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I'm trying to perform a check on my User model using a series of nested if statements. I have two models, User, which has_many :taxes, and tax which belongs_to :user. Within a column of the user table, each user has a specific "state id" which they select when they sign up (for example, state_id: 53 could mean California). Anyway, in my Tax model, I have several if statements which evaluate to see if a user is from a specific region, and if true, the conditions inside the if are performed.

For example:

if user_state_id == 53
   # Do this
end

The problem is, if the user isn't a match to the first if statement, it doesn't continue to check the remaining statements to see if it matches any of the others. (See Below). If this user had a state_id of 53, it would work normally and run the remaining conditions inside. However, if the user had a state_id of 52 (next in the list) it would not evaluate.

def provincial
  if user.state_id == 53 #BC
    if calculation = self.income <= 10276
      return 0
    elsif calculation = self.income > 10276 && self.income <= 37568
      return self.income * 0.0506
    end
  end
  if user.state_id == 52 #AB
    if calculation = self.income <= 17593
      return 0
    elsif calculation = self.income < 17593
      return self.income * 0.10
    end
  end
  if user.state_id == 60 #ON
    if calculation = self.income <= 9574
      return 0
    elsif calculation = self.income > 9574 && self.income <= 39723
      return self.income * 0.0505
    end
  end
end

I also tried using elsif statements for the primary nested condition checks (elsif user.state_id == 52...) but that did not work either.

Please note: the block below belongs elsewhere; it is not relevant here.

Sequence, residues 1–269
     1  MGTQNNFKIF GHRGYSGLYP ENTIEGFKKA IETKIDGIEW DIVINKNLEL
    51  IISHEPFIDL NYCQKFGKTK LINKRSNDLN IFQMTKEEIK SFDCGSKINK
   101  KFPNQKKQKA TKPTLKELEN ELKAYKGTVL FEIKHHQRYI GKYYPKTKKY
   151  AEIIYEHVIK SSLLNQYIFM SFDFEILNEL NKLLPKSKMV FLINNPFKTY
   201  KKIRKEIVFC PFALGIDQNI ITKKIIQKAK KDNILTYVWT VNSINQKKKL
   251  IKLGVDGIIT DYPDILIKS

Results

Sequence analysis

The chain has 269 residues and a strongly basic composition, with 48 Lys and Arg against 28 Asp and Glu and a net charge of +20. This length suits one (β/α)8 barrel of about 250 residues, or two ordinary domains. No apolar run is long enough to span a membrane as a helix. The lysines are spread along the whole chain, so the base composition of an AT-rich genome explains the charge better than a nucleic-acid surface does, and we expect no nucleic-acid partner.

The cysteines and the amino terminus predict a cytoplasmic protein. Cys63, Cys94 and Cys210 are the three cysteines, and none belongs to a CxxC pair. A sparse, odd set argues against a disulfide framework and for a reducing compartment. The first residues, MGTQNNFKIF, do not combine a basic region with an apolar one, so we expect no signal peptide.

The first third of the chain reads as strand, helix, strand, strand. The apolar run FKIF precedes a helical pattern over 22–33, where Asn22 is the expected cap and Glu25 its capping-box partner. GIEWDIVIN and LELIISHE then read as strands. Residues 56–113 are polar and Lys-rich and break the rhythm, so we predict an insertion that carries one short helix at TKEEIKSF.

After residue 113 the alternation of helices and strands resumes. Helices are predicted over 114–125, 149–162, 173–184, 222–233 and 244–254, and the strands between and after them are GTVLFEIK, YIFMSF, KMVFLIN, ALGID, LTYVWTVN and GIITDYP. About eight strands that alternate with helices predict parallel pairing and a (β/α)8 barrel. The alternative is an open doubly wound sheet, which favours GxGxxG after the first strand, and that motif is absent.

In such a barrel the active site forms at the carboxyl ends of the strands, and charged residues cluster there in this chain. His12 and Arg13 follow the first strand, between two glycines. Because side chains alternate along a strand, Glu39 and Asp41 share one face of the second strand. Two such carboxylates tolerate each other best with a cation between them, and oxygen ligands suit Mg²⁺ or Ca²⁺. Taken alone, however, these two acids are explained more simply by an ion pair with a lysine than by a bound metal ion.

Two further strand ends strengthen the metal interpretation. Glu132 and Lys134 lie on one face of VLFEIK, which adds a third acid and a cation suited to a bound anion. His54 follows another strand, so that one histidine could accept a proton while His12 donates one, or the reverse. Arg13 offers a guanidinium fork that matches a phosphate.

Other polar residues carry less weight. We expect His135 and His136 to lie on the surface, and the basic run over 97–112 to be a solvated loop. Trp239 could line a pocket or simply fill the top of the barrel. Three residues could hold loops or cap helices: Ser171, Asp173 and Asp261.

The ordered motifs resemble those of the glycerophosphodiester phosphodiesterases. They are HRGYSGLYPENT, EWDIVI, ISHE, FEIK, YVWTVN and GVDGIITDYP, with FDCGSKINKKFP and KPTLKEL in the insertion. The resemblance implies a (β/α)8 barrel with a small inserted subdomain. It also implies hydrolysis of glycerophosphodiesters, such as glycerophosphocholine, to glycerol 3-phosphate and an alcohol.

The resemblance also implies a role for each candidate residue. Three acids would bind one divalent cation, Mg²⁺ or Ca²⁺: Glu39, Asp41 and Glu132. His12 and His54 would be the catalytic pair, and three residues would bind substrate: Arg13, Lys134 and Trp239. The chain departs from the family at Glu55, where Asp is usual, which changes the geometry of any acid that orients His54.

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Not really a solution, but this kind of multiple choice logic is usually implemented using the case statement. –  Leonid Shevtsov Feb 4 at 9:22
1  
How can a user have two different state_ids at the same time? Are they quantum users? =) –  mdesantis Feb 4 at 9:22
    
What is you calculation? You are assigning it and never use it. Also it probably should go to codereview.stackexchange.com –  BroiSatse Feb 4 at 9:24
    
@mdesantis an individual user doesn't have more than one state_id, but there are many users which can be from different states, so it's to account for them. –  Jon Girard Feb 4 at 9:50

2 Answers 2

up vote 0 down vote accepted

I just posting a review of your code by using nested case statements.Sorry for the syntax errors(if any)

case user.state_id

when 53     #BC

      case calculation
       when <=10276
       return 0
       when 10277..37568
       return self.income * 0.0506

when 52     #AB
       case calculation
       when 17593
       return 0
        when < 17593
        return self.income * 0.10

when 60     #ON
         case calculation
         when <= 9754
         return 0
         when 9575..39793
         return self.income * 0.0505

Hope it helps!

share|improve this answer
    
this more or less ended up being the correct answer, except with the < symbols in the when statement, a proc needs to be used (proc {|n| n > 17593}) otherwise it will throw a syntax error –  Jon Girard Feb 4 at 21:28
    
Thank You for the correction. –  Pavan Feb 5 at 4:16

In your nested if statement for state_id == 52 you are checking twice whether income is smaller then 17593 (in both if and elseif).

if user.state_id == 52 #AB
  if calculation = self.income <= 17593
    return 0
  elsif calculation = self.income < 17593 # shouldn't it be > 17593?
    return self.income * 0.10
  end
end

Also you are not covering all the cases! If state_id is equal to 53, and income is bigger than 37568, this will return nil.

Another thing, if you checked in you if statement that self.income <= 10276 (self is not needed btw), you don't need to recheck it again in elsesif (elseif self.income > 10276). There is no other option.

Your calculation variable is completely obsolete - your function returns if it is true and continues when its false.

share|improve this answer
    
Thanks, I didn't post the full code in which I cover many more cases. So is there a better way of doing something like this, since I've been told it looks terrible. Maybe with a case statement? –  Jon Girard Feb 4 at 9:51
    
Case statement is definitively a good way to go, howvere things like code style and refactoring should be done on codereview stackexchange. :) –  BroiSatse Feb 4 at 9:58

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